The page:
Supercharge your career20 April 2015
Ask a successful person how they climbed the career ladder and the chances are they will tell you it was due to luck. Many pre-eminent people play down their own achievements and attribute their success to a chance meeting or a lucky break.
Of course luck can play a part in career success, however it is no substitute for strategic planning and preparation. Generally speaking, the better you prepare and the more you learn, the luckier you get!
The traditional approach to career planning has been for candidates to consider what they are good at and seek out a role to suit their abilities, without thinking strategically about how to prepare and position themselves for future roles.
Yet strategic thinking is an important part of career planning. If you know where you want to be, you will know what opportunities to look out for, and when opportunities do arise, you will know whether to accept them and will be prepared to make the most of them. In this way, strategic planning makes career progression a less risky process.
Even if you are content to stay in your current role for some time to come, if you want to make the most of your career, it’s worth taking the time to review your career goals and develop the skills you will need to achieve them.
Strategic career planning requires three key competencies – strategic planning, the ability to learn, and the ability to adapt. All three play a part in helping us to achieve our career goals.
1. Strategic planning
Start your career planning with a careful assessment of your current reality – where you are now – before considering where you want to be in the future. What’s happening in your world? What do you like and dislike about your current job? What are your strengths and aspirations?
Moreover, what is your passion? We can be good at many things without being passionate about them. You will also need to understand your values, and what success means for you. When were you happiest in your career?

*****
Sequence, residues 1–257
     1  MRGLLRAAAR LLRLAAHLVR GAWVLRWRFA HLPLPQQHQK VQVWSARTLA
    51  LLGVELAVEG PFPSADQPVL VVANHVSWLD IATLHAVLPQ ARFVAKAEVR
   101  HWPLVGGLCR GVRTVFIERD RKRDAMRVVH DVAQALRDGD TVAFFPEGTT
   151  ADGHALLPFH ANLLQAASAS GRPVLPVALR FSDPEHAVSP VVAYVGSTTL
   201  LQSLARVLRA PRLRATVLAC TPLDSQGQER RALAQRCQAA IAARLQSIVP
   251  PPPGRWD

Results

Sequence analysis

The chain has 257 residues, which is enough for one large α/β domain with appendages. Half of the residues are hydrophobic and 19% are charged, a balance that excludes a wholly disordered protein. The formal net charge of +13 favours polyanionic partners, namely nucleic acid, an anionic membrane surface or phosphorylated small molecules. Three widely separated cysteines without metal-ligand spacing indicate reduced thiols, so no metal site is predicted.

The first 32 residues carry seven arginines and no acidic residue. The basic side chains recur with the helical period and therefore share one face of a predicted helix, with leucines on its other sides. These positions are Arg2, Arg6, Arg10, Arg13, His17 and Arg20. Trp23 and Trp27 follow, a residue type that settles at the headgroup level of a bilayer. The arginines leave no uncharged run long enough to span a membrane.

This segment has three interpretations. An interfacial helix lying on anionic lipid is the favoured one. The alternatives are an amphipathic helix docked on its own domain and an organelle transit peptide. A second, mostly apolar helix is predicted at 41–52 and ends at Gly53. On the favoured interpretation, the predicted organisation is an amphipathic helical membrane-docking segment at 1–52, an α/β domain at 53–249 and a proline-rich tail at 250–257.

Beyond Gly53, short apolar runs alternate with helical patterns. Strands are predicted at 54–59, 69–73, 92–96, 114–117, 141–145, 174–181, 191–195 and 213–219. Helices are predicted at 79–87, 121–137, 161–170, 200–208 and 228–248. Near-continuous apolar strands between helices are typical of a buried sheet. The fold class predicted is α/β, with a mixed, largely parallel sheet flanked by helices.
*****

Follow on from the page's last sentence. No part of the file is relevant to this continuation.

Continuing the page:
Armed with this information, you can start to consider your future reality. Create a realistic vision of where you want to be, then carry out a needs assessment to identify what is required to get there – whether that is additional qualifications, building skills and experience, better industry knowledge or making new contacts through networking and industry groups.
2. Ability to adapt
As we start to move towards our future reality, and open ourselves up to new opportunities, we have to be able adapt to each new situation as it arises. In real life events don’t always happen in the way we expect and your progress may not always be in a straight line.
Even if you stay with the same company, it could be that they ask you to move to another location or another role. In any case change is constant in business so the ability to adapt is critical to career success and is also a key skill which employers look for.
You can develop your adaptability in lots of different ways. Try out different activities, vary your normal routines, drive to work a different way. Travelling is a great way to develop adaptability because it provides the opportunity to practise dealing with different environments.
At work, be willing to try out new techniques or take on new tasks, develop a ‘can do’ attitude when dealing with unfamiliar or unexpected situations. Learn to extract information from changing situations and shift priorities or improvise, and respond positively to setbacks.
3. Ability to learn
In a constantly changing business environment, knowledge often has a short life. Much of what we know today is likely to be out of date in five or ten years’ time and will need replacing by fresh and more relevant information. Therefore the ability to learn is another key skill - we need to learn how to learn.
However it’s not just a case of absorbing more professional knowledge – we also need to pay attention to learning about ourselves. Learning is an important process and often we have a very narrow view of it. We need to learn what we like, to learn about our emotions, our performance, how we relate to people and respond to different situations.
Gaining a deeper insight into ourselves, getting to know our likes and dislikes and our own unique qualities, can help us to improve our performance and understand more about where we want to be. In this way we can continue to refine our vision and shape our future reality.
Just as a strategy provides a business with an overall direction, applying the same structured process to your career will clarify your goals and allow you to pursue them more effectively. Planning, preparation and the ongoing process of adapting and learning are the key to creating a successful and truly rewarding career.